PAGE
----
The First-in-Man eSVS Mesh External Saphenous Vein Support Feasibility Trial was a prospective randomized clinical experience in patients undergoing first time CABG requiring a SVG to the right coronary system (RCS) and the left circumflex coronary (CCX) system with IMA bypass to the anterior descending coronary artery. Saphenous vein grafts are harvested using open or bridged technique. Vein segment selection for application of the mesh was at the discretion of the surgeon and treatment randomized to the right coronary or CCX system.

After approval by institutional ethics committees at participating institutions, enrollment began on August 25, 2008, and was completed on July 21, 2009. The investigation sites are noted in Table 1. Follow-up was conducted for primary safety and efficacy points, including the 30 day and 1 year occurrence of major adverse events including major cardiac and cerebral events (MACCEs) and follow-up angiography at 9–12 months after surgery, respectively. All angiograms completed were sent to a core laboratory (Beth Israel Hospital, Boston, Massachusetts, under the direction of Dr. Jeffrey Popma) for interpretation.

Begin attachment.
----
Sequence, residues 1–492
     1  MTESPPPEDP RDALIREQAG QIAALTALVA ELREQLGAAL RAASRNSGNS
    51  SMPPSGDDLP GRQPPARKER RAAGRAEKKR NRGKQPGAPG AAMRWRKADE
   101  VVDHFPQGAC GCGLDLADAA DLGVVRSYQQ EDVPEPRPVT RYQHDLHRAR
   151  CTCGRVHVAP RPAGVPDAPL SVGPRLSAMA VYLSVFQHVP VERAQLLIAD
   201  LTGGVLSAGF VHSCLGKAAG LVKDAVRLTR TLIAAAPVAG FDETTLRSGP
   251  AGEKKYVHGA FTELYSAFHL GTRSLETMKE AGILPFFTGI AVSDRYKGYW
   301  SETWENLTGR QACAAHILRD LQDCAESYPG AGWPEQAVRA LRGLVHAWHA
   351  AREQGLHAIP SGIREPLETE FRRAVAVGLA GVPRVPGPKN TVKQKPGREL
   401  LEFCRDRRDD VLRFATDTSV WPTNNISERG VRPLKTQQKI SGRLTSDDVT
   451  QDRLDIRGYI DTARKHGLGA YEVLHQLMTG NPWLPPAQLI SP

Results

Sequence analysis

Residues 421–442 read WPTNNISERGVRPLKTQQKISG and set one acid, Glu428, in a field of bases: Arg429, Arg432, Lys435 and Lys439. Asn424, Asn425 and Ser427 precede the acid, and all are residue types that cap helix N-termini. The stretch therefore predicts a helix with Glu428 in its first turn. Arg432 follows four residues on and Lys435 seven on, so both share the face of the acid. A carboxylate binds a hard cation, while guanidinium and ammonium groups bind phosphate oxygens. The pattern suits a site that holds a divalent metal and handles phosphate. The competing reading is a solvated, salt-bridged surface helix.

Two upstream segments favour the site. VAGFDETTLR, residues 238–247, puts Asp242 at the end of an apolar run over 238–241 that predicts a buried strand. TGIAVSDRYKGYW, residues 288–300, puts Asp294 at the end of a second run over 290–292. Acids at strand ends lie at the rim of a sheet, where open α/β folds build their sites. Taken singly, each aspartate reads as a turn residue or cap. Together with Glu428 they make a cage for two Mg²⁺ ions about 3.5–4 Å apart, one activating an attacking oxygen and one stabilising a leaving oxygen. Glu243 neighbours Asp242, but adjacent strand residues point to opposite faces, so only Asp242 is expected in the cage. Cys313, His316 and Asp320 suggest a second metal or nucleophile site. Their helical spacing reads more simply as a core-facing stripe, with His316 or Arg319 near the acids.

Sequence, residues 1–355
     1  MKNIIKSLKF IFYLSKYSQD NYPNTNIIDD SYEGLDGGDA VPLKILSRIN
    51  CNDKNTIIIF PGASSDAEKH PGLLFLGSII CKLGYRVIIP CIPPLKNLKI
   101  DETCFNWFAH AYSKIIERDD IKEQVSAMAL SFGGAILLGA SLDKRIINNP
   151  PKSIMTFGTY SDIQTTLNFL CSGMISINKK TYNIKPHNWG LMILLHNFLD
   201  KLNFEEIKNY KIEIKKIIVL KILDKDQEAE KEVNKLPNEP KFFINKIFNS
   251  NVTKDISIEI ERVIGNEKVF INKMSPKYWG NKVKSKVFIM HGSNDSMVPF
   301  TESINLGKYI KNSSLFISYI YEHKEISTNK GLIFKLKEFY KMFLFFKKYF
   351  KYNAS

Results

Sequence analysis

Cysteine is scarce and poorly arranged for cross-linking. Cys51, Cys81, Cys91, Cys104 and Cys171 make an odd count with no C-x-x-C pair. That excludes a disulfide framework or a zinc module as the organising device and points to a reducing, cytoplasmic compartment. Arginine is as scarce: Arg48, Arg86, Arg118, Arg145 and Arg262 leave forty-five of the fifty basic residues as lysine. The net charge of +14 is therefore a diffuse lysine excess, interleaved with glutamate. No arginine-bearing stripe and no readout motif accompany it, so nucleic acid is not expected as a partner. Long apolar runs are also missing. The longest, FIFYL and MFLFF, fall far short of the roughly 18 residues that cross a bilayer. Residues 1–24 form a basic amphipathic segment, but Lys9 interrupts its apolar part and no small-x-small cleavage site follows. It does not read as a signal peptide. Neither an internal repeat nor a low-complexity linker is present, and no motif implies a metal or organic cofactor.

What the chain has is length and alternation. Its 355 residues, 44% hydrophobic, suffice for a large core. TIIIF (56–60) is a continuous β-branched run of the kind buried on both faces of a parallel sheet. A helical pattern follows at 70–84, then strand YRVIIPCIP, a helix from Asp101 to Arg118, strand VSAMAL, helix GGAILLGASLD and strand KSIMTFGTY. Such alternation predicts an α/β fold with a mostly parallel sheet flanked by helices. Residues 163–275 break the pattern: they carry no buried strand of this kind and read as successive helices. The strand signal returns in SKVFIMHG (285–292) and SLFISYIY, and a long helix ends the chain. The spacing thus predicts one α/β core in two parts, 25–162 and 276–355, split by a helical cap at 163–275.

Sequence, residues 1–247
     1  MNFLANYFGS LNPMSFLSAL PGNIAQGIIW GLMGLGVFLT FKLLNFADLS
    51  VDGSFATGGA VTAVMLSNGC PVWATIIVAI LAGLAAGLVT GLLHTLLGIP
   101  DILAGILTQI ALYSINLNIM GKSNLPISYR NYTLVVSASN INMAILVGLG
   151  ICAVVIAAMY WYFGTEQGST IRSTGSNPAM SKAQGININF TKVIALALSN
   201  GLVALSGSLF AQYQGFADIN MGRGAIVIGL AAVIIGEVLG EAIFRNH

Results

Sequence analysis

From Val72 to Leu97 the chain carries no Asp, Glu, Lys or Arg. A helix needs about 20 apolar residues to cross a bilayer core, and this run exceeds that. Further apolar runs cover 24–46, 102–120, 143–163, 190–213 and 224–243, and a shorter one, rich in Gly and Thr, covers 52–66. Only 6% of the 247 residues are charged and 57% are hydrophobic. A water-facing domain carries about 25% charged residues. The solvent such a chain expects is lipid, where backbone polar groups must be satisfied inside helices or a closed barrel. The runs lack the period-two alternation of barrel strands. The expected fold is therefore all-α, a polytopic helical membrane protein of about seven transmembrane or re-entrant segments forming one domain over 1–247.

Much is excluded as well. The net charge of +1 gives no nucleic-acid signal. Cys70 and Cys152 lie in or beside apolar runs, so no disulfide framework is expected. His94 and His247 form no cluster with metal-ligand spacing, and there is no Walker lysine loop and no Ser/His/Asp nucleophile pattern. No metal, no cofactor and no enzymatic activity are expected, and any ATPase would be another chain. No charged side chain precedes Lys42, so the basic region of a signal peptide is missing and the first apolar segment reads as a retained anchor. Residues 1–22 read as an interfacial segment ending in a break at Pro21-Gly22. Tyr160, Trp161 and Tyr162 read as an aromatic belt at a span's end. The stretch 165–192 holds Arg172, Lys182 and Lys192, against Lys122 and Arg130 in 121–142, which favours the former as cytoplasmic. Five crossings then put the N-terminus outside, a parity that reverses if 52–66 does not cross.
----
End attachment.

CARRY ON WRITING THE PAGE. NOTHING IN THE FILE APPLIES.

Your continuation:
A patent graft was defined as having <50% stenosis at all points in the vessel. Thus, patients served as their own control for meshed versus unmeshed grafts, and meshed and unmeshed grafts could be compared throughout the trial.

The eSVS Mesh was deployed over the vein much akin to a sleeve over an arm. Deployment and surgical technique have been previously published.13 The diameter range of the treated SVG is assessed for selection of the appropriately sized device (3.0, 3.5, 4.0, or 4.5 mm) as shown in Figure 1A. The device was then deployed over the vein and adhered to it with a thinly sprayed coating of Tisseel (Baxter Inc., Westlake Village, California). The mesh implanted by size is shown in Table 2.

All procedures were primary isolated CABG and, in this clinical trial, were conducted on cardiopulmonary bypass with cardioplegic arrest. Results are cited as mean ± standard deviation. Statistical analysis was conducted independently. Comparison between grafts in the individual patients was conducted using a Student’s paired t-test and between covered and uncovered grafts within the study group as a whole using a Student’s unpaired t-test. When these were not applicable, the Fischer exact test was used.